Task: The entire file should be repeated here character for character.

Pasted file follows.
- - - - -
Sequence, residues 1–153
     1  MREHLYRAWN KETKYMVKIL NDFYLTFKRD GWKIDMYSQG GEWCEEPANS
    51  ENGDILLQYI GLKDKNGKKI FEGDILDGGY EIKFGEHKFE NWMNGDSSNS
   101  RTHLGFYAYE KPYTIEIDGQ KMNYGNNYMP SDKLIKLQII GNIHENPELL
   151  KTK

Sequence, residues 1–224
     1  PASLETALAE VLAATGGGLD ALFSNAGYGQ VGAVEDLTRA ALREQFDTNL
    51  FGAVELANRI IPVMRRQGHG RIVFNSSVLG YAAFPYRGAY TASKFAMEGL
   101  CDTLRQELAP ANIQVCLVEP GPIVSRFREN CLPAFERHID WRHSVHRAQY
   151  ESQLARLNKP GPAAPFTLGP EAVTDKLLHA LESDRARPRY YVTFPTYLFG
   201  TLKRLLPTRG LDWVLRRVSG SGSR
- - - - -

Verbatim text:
Sequence, residues 1–153
     1  MREHLYRAWN KETKYMVKIL NDFYLTFKRD GWKIDMYSQG GEWCEEPANS
    51  ENGDILLQYI GLKDKNGKKI FEGDILDGGY EIKFGEHKFE NWMNGDSSNS
   101  RTHLGFYAYE KPYTIEIDGQ KMNYGNNYMP SDKLIKLQII GNIHENPELL
   151  KTK

Sequence, residues 1–224
     1  PASLETALAE VLAATGGGLD ALFSNAGYGQ VGAVEDLTRA ALREQFDTNL
    51  FGAVELANRI IPVMRRQGHG RIVFNSSVLG YAAFPYRGAY TASKFAMEGL
   101  CDTLRQELAP ANIQVCLVEP GPIVSRFREN CLPAFERHID WRHSVHRAQY
   151  ESQLARLNKP GPAAPFTLGP EAVTDKLLHA LESDRARPRY YVTFPTYLFG
   201  TLKRLLPTRG LDWVLRRVSG SGSR